Dallas Seavey poses with his lead dogs Reef, left, and Tide after finishing the Iditarod Trail Sled Dog Race, Tuesday, March 15, 2016,  in Nome, Alaska. Seavey won his third straight Iditarod, for his fourth overall title in the last five years. (AP Photo/Mark Thiessen)

Dallas Seavey poses with his lead dogs Reef, left, and Tide after finishing the Iditarod Trail Sled Dog Race, Tuesday, March 15, 2016, in Nome, Alaska. Seavey won his third straight Iditarod, for his fourth overall title in the last five years. (AP Photo/Mark Thiessen)

Dallas Seavey has knack for winning Iditarod with few dogs

  • By Mark Thiessen
  • Tuesday, March 15, 2016 10:21pm
  • News

NOME, Alaska — Dallas Seavey did more with less this year at the Iditarod Trail Sled Dog Race.

He set a record pace early Tuesday morning when he won his third straight Iditarod and fourth race in the last five years. And he did it with just six dogs, after starting the race nearly 1,000 miles across Alaska with 16.

No other musher this year has fewer dogs.

And the record Seavey beat? It was the one he set in 2014, when he brought only seven dogs into Nome.

“The key is always to run the dogs you have, on the trail you have, the best way you can moving forward,” Seavey said.

This year a virus hit two of his dogs hard, and he said it was apparent on the first day of the race he’d have to drop them. One, a dog named Hero who led him to Nome last year, hurt the most, he said.

Worry set in when he lost two more dogs.

“Then you try to formulate a plan using those elements that might be able to get you to Nome quickly,” he said. “It was a concern, but not a showstopper.”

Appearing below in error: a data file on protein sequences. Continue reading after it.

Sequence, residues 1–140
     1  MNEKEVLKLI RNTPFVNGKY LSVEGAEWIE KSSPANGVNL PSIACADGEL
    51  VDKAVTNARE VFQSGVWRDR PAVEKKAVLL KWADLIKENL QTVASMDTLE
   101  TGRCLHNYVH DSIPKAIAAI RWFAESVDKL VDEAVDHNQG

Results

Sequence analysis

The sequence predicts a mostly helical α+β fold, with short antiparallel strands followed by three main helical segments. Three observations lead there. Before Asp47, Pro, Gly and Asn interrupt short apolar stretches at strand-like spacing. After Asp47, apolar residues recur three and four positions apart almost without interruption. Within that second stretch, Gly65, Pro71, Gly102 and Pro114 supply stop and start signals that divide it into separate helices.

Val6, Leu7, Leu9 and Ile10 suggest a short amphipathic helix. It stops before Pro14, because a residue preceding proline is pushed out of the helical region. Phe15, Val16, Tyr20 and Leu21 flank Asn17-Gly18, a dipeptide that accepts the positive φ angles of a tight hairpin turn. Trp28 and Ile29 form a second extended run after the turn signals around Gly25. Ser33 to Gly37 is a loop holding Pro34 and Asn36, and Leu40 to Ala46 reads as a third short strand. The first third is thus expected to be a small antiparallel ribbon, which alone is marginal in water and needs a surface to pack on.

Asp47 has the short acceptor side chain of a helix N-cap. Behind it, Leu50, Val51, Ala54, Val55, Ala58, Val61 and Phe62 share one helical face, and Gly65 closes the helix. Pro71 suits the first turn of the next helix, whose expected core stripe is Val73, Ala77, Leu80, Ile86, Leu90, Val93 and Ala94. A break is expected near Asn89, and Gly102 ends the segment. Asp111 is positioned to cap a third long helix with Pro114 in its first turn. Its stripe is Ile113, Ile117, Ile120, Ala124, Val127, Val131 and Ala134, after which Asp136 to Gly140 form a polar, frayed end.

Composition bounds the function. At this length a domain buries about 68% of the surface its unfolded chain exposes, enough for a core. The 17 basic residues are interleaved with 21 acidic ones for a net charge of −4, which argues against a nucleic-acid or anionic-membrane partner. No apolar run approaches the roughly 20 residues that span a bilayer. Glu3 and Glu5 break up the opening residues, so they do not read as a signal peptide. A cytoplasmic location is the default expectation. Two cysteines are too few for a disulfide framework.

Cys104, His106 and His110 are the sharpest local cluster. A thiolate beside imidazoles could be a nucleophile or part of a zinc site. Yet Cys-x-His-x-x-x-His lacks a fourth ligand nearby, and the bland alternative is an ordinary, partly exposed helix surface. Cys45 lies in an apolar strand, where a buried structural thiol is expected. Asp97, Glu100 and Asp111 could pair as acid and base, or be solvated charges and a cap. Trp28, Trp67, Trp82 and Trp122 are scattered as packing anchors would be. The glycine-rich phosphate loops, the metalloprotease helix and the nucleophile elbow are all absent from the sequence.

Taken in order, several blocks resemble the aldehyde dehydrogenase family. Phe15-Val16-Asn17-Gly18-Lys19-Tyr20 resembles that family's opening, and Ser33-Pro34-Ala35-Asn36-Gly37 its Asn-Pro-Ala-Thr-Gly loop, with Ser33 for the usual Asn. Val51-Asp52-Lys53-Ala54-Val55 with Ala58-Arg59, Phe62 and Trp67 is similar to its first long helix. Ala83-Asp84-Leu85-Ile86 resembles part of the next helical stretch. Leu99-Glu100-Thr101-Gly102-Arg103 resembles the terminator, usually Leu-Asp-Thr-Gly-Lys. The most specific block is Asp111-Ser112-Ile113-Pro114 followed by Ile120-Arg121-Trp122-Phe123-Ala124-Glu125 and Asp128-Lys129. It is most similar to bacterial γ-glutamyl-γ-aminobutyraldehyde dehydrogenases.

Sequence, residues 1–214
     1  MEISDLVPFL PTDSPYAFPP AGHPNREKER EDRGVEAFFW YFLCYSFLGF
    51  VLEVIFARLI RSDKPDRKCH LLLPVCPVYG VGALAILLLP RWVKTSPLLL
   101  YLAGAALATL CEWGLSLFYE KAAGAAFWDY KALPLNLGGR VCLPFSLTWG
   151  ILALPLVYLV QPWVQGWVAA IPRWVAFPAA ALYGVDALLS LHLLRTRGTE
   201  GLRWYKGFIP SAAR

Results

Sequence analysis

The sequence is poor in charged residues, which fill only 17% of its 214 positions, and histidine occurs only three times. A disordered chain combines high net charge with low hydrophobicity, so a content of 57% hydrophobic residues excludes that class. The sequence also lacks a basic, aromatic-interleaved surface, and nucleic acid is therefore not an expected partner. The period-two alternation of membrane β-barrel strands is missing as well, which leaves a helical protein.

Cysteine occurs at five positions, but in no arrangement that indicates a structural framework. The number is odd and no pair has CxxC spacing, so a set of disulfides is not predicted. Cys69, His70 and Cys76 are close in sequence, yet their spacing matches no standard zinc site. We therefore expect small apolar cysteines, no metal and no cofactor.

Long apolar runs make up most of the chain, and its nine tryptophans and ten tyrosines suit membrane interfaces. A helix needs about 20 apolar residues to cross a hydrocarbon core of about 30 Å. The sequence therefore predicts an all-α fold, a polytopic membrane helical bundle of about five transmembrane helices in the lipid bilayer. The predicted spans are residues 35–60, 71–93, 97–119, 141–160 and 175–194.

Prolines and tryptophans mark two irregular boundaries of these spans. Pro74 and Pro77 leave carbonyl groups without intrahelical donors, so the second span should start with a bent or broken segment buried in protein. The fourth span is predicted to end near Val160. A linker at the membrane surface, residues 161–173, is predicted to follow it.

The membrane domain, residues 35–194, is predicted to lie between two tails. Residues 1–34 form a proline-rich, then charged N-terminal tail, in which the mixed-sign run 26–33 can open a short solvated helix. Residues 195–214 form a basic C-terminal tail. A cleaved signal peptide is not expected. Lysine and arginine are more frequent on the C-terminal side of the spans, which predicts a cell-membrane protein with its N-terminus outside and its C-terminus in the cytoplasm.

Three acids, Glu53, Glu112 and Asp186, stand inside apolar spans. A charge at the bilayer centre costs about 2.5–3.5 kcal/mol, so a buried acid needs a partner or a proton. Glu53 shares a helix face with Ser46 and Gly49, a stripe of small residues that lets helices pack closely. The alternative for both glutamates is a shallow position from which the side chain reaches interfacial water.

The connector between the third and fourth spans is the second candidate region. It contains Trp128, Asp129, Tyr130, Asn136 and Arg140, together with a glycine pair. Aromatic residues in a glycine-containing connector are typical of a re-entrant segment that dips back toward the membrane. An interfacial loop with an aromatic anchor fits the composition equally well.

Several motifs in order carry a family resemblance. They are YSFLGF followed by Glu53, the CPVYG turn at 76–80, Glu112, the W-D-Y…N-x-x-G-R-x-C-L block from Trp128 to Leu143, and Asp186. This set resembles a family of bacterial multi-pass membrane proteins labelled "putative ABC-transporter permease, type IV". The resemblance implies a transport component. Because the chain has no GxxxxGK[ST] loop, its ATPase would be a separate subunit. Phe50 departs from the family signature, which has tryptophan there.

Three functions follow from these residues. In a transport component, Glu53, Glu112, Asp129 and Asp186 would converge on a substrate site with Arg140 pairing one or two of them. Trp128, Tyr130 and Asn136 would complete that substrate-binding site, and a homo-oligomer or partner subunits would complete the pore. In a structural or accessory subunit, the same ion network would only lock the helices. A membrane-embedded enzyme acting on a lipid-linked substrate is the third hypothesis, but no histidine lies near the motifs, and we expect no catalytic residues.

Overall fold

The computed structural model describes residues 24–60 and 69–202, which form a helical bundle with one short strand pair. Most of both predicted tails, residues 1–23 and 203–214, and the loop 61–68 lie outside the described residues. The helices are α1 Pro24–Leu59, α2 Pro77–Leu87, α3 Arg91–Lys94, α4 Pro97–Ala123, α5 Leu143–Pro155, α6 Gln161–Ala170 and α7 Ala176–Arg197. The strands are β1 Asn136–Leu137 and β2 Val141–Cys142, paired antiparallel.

Seavey completed the nearly 1,000-mile race in a record time of 8 days, 11 hours, 20 minutes, 16 seconds. He arrived in Nome at 2:20 a.m.

He said at the finish that he spent the first two-thirds of the race “dead on my feet” and had never been so tired.

“This was a heck of a trip, all the way from the start. It was up and down,” said Seavey, who picked up $75,000 and a new pickup for winning the race.

The Iditarod started March 6 in Willow, about 50 miles north of Anchorage, and took mushers across two mountain ranges, down the mighty Yukon River and along the wind-scoured Bering Sea coast.

Eighty-five mushers began the race, but 12 have so far scratched, including four-time champion Lance Mackey. He dropped out Monday, citing personal health concerns.

Seavey’s record time beat his previous record set in 2014 of 8 days, 13 hours, 4 minutes, 19 seconds. His only loss during the past five years was to his father, Mitch Seavey, who won in 2013.

Mitch Seavey took second place in this year’s race, coming in just after his son early Tuesday morning.

The Seaveys are close, but also competitive.

“Win or lose the race or not doesn’t change the fundamentals of our relationship — that as family and friends,” Mitch Seavey said, reiterating how proud he is of his son’s accomplishments.

“It’s an interesting dynamic to be the biggest competitors and best friends at the same time,” he said.

Dallas Seavey said his record breaking run had to have three elements, a phenomenal dog team, a very good trail and the final element was a nod to his father.

“It requires stiff competition. Without that competition, you’re not going to push the team that will allow them to break the record,” he said. If his father wasn’t within minutes of his team, he said he wouldn’t have urged them along as hard as he did.

The 2016 Iditarod will partly be remembered for an attack on two mushers on the trail near the checkpoint in Nulato.

Arnold Demoski is accused of intentionally driving a snowmobile into musher Aliy Zirkle’s team and then the team of four-time Iditarod champion Jeff King.

One of King’s dogs was killed, and at least two other dogs were injured.

Zirkle finished in third place Tuesday morning, and King was running in 10th place.

Demoski has said he was returning home from a night of drinking when he struck the teams. He was charged with assault, reckless endangerment and reckless driving.

Demoski’s attorney, Bill Satterberg, declined comment to The Associated Press on Monday.

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